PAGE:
In the summer of 1943, the Red Army of Workers and Peasants launched a massive offensive designed to drive the Nazi invaders out of the Soviet Union. In Ukraine, the Dnepr River presented a vital barrier. To defeat the invaders, the Soviets would have to get across. Seeking a decisive victory, they called on their airborne troops to break this barrier and sustain the offensive.
Red Parachutes: Soviet Airborne Assault Across the Dnepr is based on the September 1943 operation. The Soviet player is trying to get his or her army across the Dnepr River by any means possible. The German player must prevent this.
As with the other games that use this game system, most units are battalions with some companies and small regiments. These usually belong to divisions, and they operate more effectively together with units of the same division.
Crossing the Dnepr is the Soviet player’s objective.
Units are rated for morale, attack, defense and movement. Superior morale will assist a unit in several game functions but particularly in combat. Tank units are rated for armor quality; anti-tank units have a similar rating used to fight tanks.
Artillery is the most powerful weapon on the battlefield. Artillery units may support an attack or a defense; German units are somewhat more flexible than Soviet ones thanks to better communications. But some of the Soviet artillery has massive firepower, especially the Guards rocket units. Artillery must be supplied; running out of artillery ammunition is a very bad thing, and both players must choose where to use their shells.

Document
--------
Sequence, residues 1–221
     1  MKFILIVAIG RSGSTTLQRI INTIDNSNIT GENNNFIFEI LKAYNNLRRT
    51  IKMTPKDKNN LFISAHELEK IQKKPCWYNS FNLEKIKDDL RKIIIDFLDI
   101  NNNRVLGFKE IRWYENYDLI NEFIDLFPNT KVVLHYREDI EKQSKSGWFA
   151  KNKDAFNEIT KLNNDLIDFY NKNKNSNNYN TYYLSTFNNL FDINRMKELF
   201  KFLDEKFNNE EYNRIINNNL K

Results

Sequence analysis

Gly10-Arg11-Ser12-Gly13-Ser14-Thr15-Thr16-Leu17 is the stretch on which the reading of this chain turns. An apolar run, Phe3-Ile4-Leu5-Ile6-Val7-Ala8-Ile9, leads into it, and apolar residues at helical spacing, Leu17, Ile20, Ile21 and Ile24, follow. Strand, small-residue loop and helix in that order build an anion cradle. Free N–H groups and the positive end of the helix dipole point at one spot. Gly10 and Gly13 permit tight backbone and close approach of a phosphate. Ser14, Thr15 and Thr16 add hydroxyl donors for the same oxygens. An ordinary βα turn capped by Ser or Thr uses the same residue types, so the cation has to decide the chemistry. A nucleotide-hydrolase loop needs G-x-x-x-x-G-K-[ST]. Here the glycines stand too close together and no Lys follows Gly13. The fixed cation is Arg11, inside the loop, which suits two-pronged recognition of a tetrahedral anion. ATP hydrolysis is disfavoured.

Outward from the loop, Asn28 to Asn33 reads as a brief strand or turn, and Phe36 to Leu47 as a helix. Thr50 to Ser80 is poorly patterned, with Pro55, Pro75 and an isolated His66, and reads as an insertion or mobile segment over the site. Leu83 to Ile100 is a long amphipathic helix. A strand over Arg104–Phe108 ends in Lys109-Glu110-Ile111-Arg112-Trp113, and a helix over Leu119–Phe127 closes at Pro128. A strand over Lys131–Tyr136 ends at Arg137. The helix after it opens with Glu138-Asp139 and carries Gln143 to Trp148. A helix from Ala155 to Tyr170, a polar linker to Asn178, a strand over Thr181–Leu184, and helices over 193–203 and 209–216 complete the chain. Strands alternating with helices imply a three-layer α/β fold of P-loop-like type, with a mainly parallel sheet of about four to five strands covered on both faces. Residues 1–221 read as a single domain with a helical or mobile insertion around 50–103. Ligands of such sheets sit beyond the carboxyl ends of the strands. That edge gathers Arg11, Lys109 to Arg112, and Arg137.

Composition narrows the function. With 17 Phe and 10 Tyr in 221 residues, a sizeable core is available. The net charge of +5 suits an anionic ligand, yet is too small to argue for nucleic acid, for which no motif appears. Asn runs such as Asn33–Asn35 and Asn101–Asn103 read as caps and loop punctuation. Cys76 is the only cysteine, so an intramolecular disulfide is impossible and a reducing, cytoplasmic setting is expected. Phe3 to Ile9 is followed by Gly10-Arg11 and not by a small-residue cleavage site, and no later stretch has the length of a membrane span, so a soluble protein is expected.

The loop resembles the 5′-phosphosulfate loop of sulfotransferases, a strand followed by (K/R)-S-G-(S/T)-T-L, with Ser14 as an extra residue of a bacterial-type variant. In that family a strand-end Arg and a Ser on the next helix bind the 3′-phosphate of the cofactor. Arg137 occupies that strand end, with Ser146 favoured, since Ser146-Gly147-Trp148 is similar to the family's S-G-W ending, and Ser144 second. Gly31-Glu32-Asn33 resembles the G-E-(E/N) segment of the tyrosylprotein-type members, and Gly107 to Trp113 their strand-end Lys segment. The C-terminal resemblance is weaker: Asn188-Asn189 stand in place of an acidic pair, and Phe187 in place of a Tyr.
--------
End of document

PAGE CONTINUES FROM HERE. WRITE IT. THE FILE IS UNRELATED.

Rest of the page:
Each game “day” is divided into three daylight and one night turns. The map is divided into hexagons (“hexes”) shows the area around the Bukrin Bridgehead at a scale of 2 kilometers per hex.
Loading the Red Parachutists.
The Soviet player’s strength lies in his or her rifle divisions: sixteen regular divisions, plus two more of the more capable Guards rifle divisions. There are also three tank corps and a cavalry corps. All of thee are trying to fore their way over the river. Plus there are three Guards Airborne brigades that drop behind the German lines to try to assist the crossings.
The Germans have already been battered before the battle opens, but have some potent formations of their own. The best by far is the 7th Panzer Division, with excellent morale and six tank companies (no other German division brings more than four). There are four other panzer divisions, one panzer grenadier division, six infantry divisions and some independent units. The German side has a definite edge in quality, but the German player will constantly be moving his or her best units from one place to another along the river line in a desperate attempt to fore back the determined Soviet attackers.
Red Parachutes is old-fashioned wargaming at its finest. Entire divisions disappear in a single turn in the fierce fighting along the river line. With fearsome tank battles and parachute landings, there’s also exciting movement and tense decisions to be made.
Red Parachutes includes: